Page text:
Thinning areas near the edge of garden beds and fence lines may be caused by lack of direct sun on your lawn. This happens when the surrounding plants overshadow the grass and block sunlight from reaching the grass. When this happens, there are a few things you can do to revive your thinning lawn. See which one works best for you:
- Prune the surrounding plants to lessen the shade and bring in more sunlight to your lawn.
- Use a more shade-tolerant lawn variety as an alternative.
- Get creative! Transform the area into a mini-garden by landscaping the surrounding area with shade-tolerant plants.
My lawn has patches that look scorched in the middle and have bright green grass around the edges. The patches are in random areas in my lawn.
Patches that are found in random areas of your lawn and have bright green edges are most likely caused by dog urine. You can fix this by watering the area immediately and using a patching product after. You may want to keep your dog off the lawn if you’re not too keen on repairing patches repeatedly on a long-term basis.
My lawn is thin all over.
When your lawn is thin all over, it can be a combination of different environmental factors such as extreme weather conditions and insufficient watering or feeding. Thinking long-term, it would be best to have a care regimen for your lawn to ensure that it is fed and watered well regularly. In the meantime, you can aerate and feed your lawn with fertiliser and apply moisture-retaining soil products to revive the grass.
My lawn has bare or very thin patches in random areas with grass that can be easily pulled from the soil.
If you’ve eliminated too much shade and insufficient watering or feeding as probable causes, it’s likely that your lawn has grubs, beetles or worms. Bring a small soil sample to your local lawn experts for proper pest identification and treatment. You can also use a grub and insect control product that doesn’t harm earthworms to rid your lawn of pests and parasites.
FAQs on lawn repair
Lawn owners frequently ask me how I keep my lawn looking lush and healthy. The truth is, it takes a village to have a lawn looking like that, and a whole lot of TLC. When I’m in the mood to DIY, these are the things I do to ensure that my lawn stays thick and bright green.
How to fix my lawn full of weeds
Do I need to get rid of weeds before seeding?
Yes, it is best to remove weeds before seeding. Weeds will outcompete your new grass for nutrients needed for growth and will cause your lawn to thin and look unhealthy.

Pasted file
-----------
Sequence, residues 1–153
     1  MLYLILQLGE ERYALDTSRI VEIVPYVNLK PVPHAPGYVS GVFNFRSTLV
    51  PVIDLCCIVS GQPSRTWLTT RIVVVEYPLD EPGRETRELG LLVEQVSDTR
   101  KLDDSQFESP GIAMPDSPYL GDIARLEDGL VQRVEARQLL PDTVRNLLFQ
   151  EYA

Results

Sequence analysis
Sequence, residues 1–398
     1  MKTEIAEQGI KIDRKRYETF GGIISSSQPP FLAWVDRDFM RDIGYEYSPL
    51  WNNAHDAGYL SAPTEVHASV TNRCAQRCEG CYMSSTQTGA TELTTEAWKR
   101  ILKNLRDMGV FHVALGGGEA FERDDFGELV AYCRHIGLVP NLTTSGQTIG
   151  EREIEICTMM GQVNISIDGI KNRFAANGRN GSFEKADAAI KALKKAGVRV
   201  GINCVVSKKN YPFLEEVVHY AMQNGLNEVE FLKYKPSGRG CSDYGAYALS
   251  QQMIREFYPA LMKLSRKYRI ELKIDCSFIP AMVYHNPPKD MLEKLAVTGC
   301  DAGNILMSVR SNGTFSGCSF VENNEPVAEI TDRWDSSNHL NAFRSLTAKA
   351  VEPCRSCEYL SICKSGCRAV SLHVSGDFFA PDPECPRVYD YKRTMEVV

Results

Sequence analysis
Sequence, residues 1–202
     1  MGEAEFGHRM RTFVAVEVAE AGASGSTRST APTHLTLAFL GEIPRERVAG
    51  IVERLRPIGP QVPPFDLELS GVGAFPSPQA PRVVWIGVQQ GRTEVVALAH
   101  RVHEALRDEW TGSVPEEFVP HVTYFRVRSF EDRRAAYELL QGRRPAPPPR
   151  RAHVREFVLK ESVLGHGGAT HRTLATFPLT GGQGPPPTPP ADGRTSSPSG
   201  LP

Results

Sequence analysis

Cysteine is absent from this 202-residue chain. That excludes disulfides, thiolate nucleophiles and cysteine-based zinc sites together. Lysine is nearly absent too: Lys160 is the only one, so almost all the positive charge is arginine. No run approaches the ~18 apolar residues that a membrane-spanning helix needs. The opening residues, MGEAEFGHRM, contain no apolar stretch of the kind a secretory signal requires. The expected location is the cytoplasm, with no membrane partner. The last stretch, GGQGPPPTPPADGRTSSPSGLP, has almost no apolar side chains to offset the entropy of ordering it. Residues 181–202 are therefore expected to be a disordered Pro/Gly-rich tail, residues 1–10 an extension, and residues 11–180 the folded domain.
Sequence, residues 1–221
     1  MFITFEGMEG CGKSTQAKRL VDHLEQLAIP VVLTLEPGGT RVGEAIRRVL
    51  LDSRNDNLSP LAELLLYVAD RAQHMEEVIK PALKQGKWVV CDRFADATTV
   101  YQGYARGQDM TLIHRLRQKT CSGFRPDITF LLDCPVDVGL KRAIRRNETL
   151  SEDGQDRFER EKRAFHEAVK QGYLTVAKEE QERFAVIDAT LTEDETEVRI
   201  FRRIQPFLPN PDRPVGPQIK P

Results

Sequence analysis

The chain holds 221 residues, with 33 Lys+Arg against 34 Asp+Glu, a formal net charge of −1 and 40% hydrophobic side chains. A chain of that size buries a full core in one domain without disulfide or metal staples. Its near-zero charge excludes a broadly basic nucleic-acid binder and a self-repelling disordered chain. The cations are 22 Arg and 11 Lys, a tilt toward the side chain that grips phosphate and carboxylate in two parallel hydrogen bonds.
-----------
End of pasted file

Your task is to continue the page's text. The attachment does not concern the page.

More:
How can I remove weeds from my lawn?
Use a non-selective herbicide to rid your lawn of weeds. Spray the herbicide at least two weeks before seeding your lawn. Alternatively, you can manually remove the weeds one by one if you have the patience (and time) for it. This is a tedious but thorough process, and is a sure way to remove weeds and its roots from your lawn.
How do I fix a weedy lawn?
How to fix a weedy lawn is a constant concern of mine, and I’m sure it’s yours, too. When your lawn is all weeds and no grass, this means that weeds have overtaken your grass and consumed the nutrients intended for your lawn.
Weeds grow in bare or thinning patches in your lawn. When your lawn is healthy, the weeds won’t be able to thrive and outcompete your grass for nutrients.
The best way to prevent the growth of weeds is to nourish your lawn well so that the grass grows healthier and stronger than the weeds. In this way, there is also less likelihood that there are thin or bare patches on your lawn for weeds to grow on.
How to fix a dead lawn
There are many ways on how to restore a dead lawn. Lawn restoration starts with healthy soil. Removing thatch and weed build-up, aerating your soil and adding in nutrients by watering well and using fertiliser are all important in reviving your lawn.
If you’re still unsure on how to repair your lawn and fix bare or thinning patches, you can ask your local lawn service provider for assistance. Getting professional help for your lawn can be the best thing you can do for your thinning or patchy lawn. You can be sure that your lawn care professionals will properly diagnose your lawn and have the right treatment carried out.